284867 Joginder Tuteja

Sultan Music Review



One of the biggest films of the year (Sultan - Ali Abbas Zafar). The biggest production house (Yash Raj Films). The biggest superstar (Salman Khan). One of the top composer duos (Vishal-Shekhar). One of the top lyricists (Irshad Kamil). A setting that warrants as many as nine songs. Expectations? A wholesome and complete soundtrack that does well as a part of the narrative, and not just come across as a series of item/quick fix songs.


It is a Haryanvi beginning for the album and soon enough within 30 seconds Vishal Dadlani brings on his boisterous vocals to give 'Baby Ko Bass Pasand Hai' a rollicking start. The fusion of Haryanvi tone and setting with Western styling is done amazingly well and the add-on vocals of Shalmali Kholgade and Ishita add on further fuel. The song is an instant winner and the hook manages to form an instant connect. While the song has a wonderful flow, the rap portions by Badshah seem a tad unnecessary to begin with. However, after listening to the song for a couple of times, this one gels well too eventually. Chartbuster.

Next to arrive is the much-in-news 'Jag Ghoomeya' which had a version sung by Arijit Singh. However, while that is not included in the album, the one you hear is by Rahat Fateh Ali Khan. While one can't really state how Arijit's version would have sounded, the fact remains that Rahat does a wonderful job for this love song which has a definite 'thehrav' around it and flows seamlessly. A beautiful melodic number that should do quite well even over the years (and not just as an instant chartbuster), it later also arrives as an (almost) unplugged version by Neha Bhasin. This has even more traditional feel and fits in well again.

The very title of the song '440 Volt' gives an impression of a 'tapori' number in the offering. Well, this is what you get in Sultan, what with words like 'dish antenna', 'signal' and 'Argentina' thrown in. Really, within one minute of listening to this song, you get an impression that this one could just have made a straight entry into Dabangg 3. It would be interesting to see how this rhythmic and 'smile through' number fits into the film. Meanwhile, it has to be acknowledged that Mika Singh sounds really different from his usually full-throated best and goes relatively sober in this song that has better 'antara' portions that 'mukhda'.

Next to arrive is the title song 'Sultan' which has an epic feel to it in the way Shadab Faridi opens it. Soon enough Sukhwinder Singh joins in as well and the kind of guitar that comes into play along with the drum beats makes one sure that it would be a riot when heard in theatre with a state-of-art Dolby systems coming into play. A 'desi' rustic number with Western arrangements to it, this one should appear at number of junctures in the film, hence lending a theme feel to the proceedings. The same song sees a relatively sober start in another version 'Rise of Sultan' which is rendered by Shekhar Ravjiani. A good follow -up.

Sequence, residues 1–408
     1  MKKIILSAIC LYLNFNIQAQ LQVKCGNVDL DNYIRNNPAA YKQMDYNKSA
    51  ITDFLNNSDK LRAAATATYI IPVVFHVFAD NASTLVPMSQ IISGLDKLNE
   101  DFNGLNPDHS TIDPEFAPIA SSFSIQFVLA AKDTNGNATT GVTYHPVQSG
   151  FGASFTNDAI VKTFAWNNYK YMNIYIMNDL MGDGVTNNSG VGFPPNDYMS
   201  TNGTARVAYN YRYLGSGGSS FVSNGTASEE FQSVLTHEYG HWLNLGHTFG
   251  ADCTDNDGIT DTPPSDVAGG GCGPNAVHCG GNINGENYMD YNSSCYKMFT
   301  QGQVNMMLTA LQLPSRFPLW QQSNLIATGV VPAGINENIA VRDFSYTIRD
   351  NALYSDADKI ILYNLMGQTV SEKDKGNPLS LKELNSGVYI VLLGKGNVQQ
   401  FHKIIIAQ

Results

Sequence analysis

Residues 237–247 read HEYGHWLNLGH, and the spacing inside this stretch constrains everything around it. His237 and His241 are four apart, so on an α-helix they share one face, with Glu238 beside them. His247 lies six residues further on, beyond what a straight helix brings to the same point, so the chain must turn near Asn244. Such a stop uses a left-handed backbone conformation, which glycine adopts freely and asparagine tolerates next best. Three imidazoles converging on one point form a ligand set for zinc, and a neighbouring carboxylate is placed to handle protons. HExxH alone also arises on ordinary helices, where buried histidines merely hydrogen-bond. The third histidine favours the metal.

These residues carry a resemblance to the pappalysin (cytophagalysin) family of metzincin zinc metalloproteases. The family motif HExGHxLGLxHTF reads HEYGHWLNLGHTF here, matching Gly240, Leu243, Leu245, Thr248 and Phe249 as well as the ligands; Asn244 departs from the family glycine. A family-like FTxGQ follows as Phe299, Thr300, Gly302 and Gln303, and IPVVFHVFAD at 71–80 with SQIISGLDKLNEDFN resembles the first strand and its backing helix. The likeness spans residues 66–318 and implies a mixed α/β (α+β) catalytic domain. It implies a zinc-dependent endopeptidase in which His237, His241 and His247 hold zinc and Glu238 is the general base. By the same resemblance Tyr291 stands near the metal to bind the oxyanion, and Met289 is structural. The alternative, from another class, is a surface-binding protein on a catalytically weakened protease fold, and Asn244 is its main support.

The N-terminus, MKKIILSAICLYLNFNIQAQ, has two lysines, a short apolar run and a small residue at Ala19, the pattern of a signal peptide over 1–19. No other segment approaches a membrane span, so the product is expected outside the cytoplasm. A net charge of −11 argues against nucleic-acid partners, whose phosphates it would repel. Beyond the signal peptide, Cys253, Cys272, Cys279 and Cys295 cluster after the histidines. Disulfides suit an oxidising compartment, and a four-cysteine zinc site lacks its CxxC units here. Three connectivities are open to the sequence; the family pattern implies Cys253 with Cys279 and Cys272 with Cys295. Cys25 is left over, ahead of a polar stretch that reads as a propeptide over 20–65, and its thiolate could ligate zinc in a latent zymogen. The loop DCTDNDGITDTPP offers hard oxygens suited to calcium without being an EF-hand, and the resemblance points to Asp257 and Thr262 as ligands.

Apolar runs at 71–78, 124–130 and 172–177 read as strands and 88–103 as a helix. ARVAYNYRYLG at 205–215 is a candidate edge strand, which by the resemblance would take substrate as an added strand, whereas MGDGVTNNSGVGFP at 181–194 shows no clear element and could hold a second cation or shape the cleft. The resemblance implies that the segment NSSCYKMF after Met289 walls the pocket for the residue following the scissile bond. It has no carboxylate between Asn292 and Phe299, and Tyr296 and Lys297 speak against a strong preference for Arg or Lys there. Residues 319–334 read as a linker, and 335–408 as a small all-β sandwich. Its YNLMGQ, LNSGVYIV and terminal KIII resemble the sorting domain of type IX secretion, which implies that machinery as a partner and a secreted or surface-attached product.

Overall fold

Next to arrive is a fun song 'Sachi Muchi' that takes a really long time to set in. This one is actually in a completely different mood, stage and setting when compared to the soundtrack so far. It is more in the Barfi! mode with an innocent feel to it, what with Mohit Chauhan and Harshdeep Kaur coming together for a sweet-n-simple outing. It is not a bad hear at all, it is just that you want the feel of Sultan to continue.

It is a different kind of start that the next song to follow, 'Bulleya', gets as Papon vocals are the first to arrive than any musical instrument kick-start. While one wonders how the song would shape up in seconds to follow, the 'sufi' sound that follows starts giving certain groove to the tune. After a brief pause, Papon returns behind the mike and what you hear is sheer magic as his soft vocals integrate beautifully with the tune. A rather quiet song that has your feet tapping, 'Bulleya' is a slow song that grows on you eventually and lends an impression that this one is in for a long run.

The album concludes on a high with 'Tuk Tuk' which has a Haryanvi base to it and manages to form an instant connect. If you liked 'Main Ghani Bawri' [Tanu Weds Manu Returns] then you would definitely pick up 'Tuk Tuk' as well which has Nooran Sisters making an impression (yet again) as the singers. What is really remarkable is the fact that despite its regional feel to it, there is a quintessential Vishal-Shekhar sound to it as well, something which keeps becoming all the more prominent as it proceeds. While Vishal Dadlani too chips in as a rapper, it is amazing to see how two different spectrums of music integrate here.


The music of Sultan is a big winner. After a really long time, one gets a sense of a complete soundtrack for a film instead of a series of songs working independently without really coming together as a unit. Vishal-Shekhar arrive as composers after a while but along with Irshad Kamil, they make the wait worth it as they bring something which is different from anything that they have made before. What they succeed tremendously is bringing on songs that are musical, and not ringtone tones.


‘Baby Ko Bass Pasand Hai’, ‘Jag Ghoomeya’, ‘Sultan’, ‘Bulleya’, ‘Tuk Tuk’

Sultan 4.0 Joginder Tuteja 20160603